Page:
How an Indian Student Currently Shortlists U.S. Graduate Schools




By Rajkamal Rao  



 
During the last six years that we have been advising Indian students - as they seek to come to the United States to study for their Master's programs - some things have just not changed.

Take something as basic and crucial as selecting colleges and universities.  With the explosion in the use of web searches through smartphones and reliance on social media tools, these habits have become so entrenched that it will be hard to shake them off.

The result is that most students are as confused at the beginning of this journey as they are at its end.  And they are not to blame because in some ways, this experience is true about everything these days that requires some research - buying a vehicle for the first time or researching an illness for a loved one.

The net effect is this:  Too much information is just as bad as no information, and unless information is filtered down to their individual situations, with real answers, students feel anxious, convinced that they could always have done better.  In economics, this is called "Buyer's Remorse".




As you can see in our chart, the first source of students as they research their post Bachelor's options to study is to ask friends, their friends and a few seniors who may have already stepped foot on foreign shores.  This is a perfectly natural thing to do.  Word-of-mouth is powerful especially if it is based on trust.  But excessive reliance on this source is likely to be sub-optimal.  Friends are often themselves confused and do not know all the answers.

Then there are generic U.S. government-run websites such as EducationUSA and even their offices in the big Indian cities, including those of the United States Educational Foundation in India.  These are good generic resources but other than having a clerk hand you a big fat binder with a lot of generic information about schools, you won't get much additional help.  This is changing a bit in recent years.  In Chennai, the U.S. consulate has begun to provide one-on-counseling to high school students to attend U.S. colleges at a relatively low fee but this service is not offered to graduate students.  Also, not everyone can travel to Chennai, nor would the consulate's consultants be able to provide advice about such key differentiators as Statement of Purpose reviews.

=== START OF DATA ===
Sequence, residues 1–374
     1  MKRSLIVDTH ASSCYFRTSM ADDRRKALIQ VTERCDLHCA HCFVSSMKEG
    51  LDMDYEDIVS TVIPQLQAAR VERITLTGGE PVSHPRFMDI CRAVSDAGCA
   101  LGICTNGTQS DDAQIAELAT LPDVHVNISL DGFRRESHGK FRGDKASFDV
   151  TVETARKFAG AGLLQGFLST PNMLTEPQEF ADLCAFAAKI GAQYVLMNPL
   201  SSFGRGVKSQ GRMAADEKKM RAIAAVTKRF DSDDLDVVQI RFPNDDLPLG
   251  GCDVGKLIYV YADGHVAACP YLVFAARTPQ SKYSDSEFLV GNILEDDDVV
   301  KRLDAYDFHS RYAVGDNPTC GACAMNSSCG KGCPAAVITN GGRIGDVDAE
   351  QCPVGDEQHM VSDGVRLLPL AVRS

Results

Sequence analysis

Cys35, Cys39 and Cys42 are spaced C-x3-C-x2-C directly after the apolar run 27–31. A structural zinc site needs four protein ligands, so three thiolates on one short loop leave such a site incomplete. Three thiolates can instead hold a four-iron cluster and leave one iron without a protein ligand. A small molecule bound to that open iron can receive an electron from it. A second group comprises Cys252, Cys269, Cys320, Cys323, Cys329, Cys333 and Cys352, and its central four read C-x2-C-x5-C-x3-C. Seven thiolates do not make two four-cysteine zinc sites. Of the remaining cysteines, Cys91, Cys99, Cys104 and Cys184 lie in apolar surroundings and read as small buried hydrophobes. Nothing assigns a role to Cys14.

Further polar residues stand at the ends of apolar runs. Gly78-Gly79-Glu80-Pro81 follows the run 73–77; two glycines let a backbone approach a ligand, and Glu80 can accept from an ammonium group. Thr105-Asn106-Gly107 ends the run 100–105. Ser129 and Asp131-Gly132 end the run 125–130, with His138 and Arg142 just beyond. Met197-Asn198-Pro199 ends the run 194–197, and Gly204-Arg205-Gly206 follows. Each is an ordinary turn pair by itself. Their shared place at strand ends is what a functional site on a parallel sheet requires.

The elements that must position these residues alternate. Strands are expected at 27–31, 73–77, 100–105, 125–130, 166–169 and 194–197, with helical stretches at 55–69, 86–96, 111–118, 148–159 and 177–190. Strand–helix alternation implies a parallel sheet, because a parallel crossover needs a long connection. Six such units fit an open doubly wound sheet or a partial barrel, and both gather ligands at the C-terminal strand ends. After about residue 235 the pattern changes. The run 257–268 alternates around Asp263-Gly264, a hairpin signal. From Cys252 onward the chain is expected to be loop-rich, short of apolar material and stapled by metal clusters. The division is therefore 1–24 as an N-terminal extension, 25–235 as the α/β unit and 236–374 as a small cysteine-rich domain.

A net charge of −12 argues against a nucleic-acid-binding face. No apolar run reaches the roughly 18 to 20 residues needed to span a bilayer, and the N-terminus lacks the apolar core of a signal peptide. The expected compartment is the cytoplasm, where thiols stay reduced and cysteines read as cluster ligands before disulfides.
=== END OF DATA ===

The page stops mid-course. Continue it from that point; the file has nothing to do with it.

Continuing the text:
Third come the big commercial ranking sites such as US News.com.  These are excellent at providing generic information about a school but excessive reliance on rankings can be dangerous too.  Schools are ranked using a methodology decided by the company and this may not make sense to you at all.  For example, US News considers such factors as peer assessment, graduation and retention rates; faculty resources (class size, for example); student selectivity (for example, average admissions test scores of incoming students); financial resources and alumni giving to rank schools.  But on the most important question for an international student - how much help will the school provide to secure a summer internship and then, a job after graduation - US News is completely silent.

There's also the issue that different ranking sites - Princeton Review, Barrons, College Confidential - all come up with different rankings.  Which one should you believe?
 




The source yielding the most promise here is social media, such as the large Facebook groups.  First of all, every individual in the group has the same goal - so this is a big plus to cut out clutter.  Second, every student is at a different level of preparation.  Some have taken admissions tests; some have begun the shortlisting; others have finalized their applications, including completing their SOPs; still others have received admits and some have already landed in the United States.  Hearing personal experiences from such a large number of students is especially soothing because there's a feeling of community in knowing that others sharing a goal are doing things with a sense of purpose.  And the large Facebook groups such as MS in US Aspirants, MS in US Fall/Spring 2019, have professional moderators with deep expertise who mentor students on how to shortlist colleges based on profiles.  This is a welcome development.

But there are issues here too.  When questions are posed to a group, peer answers obtained are not always the best thought-out or based on sound analysis.  Also, students who are the most competent to answer may have missed out on seeing the post, so it may go unanswered forever.  And there's dissent - when one student contradicts another, confusing the reader even more.